Borjomi, a resort town in central Georgia, is known for its mineral waters. We stayed at the four-star Golden Tulip Borjomi, built in 1892 by the consular of Iran in Russia as a summer house. It’s now a unique Cultural-Historical Monument with 17 boutique rooms and is so stunning with pale blue paintwork, balconies and mirrored alcoves that it was photographed by every passing visitor. It’s hard to describe fully, but hopefully my photograph does it justice.
Check in was thorough and we were told where the bar, restaurant and spa were, but as it was 6.30pm and we were only staying one night, time didn’t allow us to indulge in the latter.
Our second-floor room was up two short flights of stairs, but the receptionist helpfully carried our bags in the absence of a lift. The room was small but extravagantly decorated in pale blue with a vibrant statement wall behind the double bed and fancy velvet turquoise blinds with gold tassels. It was furnished with bedside cabinets, reading lights and plug points, a stocked mini bar, tea and coffee making facilities, and ironically non-Borjomi complimentary water. There was a large TV and space for one suitcase and a tiny wardrobe with robes and slippers, but there was nowhere to sit. Bearing in mind the altitude at 800m, a heater could be plugged in instead of AC. The wooden floors above creaked and the walls were thin, making it all a little noisy.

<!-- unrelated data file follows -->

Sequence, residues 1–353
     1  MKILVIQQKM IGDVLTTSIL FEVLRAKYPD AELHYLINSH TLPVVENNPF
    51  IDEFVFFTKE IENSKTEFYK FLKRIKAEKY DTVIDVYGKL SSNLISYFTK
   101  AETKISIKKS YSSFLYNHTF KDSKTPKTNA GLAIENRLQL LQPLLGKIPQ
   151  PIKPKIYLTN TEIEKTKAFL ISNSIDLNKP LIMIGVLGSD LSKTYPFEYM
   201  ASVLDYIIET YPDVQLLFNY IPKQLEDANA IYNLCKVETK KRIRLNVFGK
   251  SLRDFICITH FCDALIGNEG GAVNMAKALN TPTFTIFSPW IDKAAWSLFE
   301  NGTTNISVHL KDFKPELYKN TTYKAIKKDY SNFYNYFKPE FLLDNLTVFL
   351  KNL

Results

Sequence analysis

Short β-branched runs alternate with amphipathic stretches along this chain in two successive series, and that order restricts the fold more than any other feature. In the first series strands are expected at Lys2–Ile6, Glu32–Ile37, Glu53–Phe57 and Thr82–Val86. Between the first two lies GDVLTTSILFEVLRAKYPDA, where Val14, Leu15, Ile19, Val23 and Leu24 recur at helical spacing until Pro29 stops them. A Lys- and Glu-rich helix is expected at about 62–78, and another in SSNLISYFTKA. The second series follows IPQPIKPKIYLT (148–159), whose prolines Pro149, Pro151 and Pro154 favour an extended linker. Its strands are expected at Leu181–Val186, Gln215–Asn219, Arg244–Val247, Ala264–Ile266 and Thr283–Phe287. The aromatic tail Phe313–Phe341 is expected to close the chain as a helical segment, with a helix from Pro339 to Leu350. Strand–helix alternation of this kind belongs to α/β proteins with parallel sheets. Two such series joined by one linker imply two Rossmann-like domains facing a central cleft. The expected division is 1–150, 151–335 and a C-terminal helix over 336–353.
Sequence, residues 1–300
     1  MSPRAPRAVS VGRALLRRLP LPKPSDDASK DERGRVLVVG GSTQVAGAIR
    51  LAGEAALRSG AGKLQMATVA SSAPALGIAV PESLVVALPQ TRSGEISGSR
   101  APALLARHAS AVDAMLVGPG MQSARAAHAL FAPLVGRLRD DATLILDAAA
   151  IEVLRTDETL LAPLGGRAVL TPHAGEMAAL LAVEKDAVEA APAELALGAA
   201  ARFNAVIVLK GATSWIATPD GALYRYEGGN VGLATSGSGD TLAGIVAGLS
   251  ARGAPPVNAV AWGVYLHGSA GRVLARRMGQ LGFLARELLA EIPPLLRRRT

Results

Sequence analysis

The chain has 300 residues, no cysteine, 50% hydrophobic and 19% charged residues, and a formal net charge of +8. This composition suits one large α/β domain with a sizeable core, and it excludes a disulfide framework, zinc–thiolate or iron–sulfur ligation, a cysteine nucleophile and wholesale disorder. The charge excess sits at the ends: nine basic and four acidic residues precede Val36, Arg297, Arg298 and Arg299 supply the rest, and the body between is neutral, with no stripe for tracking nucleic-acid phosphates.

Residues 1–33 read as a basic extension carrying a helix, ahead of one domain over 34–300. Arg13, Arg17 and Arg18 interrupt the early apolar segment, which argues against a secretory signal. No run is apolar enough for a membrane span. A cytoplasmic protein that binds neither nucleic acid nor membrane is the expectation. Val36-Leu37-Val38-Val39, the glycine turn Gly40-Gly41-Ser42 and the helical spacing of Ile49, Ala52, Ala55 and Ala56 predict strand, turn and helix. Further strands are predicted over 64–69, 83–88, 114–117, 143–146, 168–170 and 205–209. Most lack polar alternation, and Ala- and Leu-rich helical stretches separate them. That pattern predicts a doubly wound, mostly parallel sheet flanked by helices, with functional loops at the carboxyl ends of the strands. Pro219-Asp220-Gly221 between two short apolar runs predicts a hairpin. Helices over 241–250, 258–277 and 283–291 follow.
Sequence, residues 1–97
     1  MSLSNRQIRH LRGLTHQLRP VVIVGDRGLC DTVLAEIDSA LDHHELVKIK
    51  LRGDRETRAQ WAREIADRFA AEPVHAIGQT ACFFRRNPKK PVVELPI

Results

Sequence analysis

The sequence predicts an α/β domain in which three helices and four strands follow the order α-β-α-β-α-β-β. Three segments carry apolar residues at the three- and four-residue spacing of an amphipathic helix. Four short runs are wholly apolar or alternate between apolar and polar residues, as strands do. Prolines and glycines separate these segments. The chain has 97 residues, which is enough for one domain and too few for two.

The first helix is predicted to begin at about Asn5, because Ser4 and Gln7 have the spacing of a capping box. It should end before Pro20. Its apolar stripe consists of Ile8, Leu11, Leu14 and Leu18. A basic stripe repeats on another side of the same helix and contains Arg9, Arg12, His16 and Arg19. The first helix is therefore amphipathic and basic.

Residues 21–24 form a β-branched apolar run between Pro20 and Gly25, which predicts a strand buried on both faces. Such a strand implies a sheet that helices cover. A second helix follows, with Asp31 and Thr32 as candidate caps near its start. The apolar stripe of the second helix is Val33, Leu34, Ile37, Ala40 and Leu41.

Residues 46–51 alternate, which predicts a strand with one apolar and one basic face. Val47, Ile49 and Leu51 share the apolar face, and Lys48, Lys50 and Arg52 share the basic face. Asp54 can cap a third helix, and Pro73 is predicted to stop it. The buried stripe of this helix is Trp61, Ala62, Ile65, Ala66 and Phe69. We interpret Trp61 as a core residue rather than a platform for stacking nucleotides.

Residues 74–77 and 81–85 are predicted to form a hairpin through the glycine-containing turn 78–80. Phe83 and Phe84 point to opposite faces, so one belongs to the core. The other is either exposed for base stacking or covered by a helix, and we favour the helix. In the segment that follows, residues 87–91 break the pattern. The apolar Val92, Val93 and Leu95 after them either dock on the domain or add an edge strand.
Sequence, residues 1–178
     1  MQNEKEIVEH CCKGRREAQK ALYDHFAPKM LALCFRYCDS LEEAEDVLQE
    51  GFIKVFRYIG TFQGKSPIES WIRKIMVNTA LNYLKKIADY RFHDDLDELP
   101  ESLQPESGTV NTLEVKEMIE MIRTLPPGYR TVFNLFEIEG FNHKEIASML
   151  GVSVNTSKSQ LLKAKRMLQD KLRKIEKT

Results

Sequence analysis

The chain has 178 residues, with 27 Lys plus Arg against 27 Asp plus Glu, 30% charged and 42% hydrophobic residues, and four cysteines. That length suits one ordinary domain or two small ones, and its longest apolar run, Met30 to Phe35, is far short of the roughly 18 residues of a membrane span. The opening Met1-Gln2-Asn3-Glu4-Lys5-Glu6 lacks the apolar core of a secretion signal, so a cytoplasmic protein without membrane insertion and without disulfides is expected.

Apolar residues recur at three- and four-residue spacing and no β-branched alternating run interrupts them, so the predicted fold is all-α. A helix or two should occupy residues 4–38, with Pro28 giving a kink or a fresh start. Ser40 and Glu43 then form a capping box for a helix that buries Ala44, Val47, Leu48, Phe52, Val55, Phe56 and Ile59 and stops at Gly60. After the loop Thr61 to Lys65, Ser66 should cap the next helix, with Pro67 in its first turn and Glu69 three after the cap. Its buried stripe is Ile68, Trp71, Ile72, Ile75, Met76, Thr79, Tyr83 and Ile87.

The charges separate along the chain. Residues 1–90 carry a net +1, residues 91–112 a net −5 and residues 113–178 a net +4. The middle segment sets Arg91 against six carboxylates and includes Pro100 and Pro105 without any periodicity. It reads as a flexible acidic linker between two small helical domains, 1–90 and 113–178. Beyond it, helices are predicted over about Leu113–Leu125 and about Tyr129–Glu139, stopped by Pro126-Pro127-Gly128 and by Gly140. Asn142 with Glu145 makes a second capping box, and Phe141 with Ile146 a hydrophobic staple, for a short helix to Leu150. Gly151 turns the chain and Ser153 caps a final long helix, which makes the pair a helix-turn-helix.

The bathroom was equally small, but the enclosed shower cubicle had powerful hot water and there were small bottles of complimentary toiletries, lots of towel hooks, a heated towel rail, good hairdryer/mirror mix and a shaving mirror.
Having sat out with a G&T in the pleasant courtyard garden until it got chilly and dark, we investigated the restaurant on the second floor. Flamboyantly decorated in white, navy, mirrored glass mosaics and stained glass, it looked fabulous but felt a little soulless and empty, so we ate out at a simple restaurant across the road.
Breakfast didn’t start until 8.30am but there was a good array of dishes with scrambled eggs, potatoes and sausages as hot options, fruits, cold meats and cheeses, khachapuri or Georgian cheesey bread and Danish pastries with tea and coffee and orange juice you could help yourself to. It was lovely but so noisy as the chairs scraped on the marble floor every time someone moved.
There is no doubt, this was a beautiful hotel, and one where we wished we’d had a longer stay to be able to indulge in a treatment or two.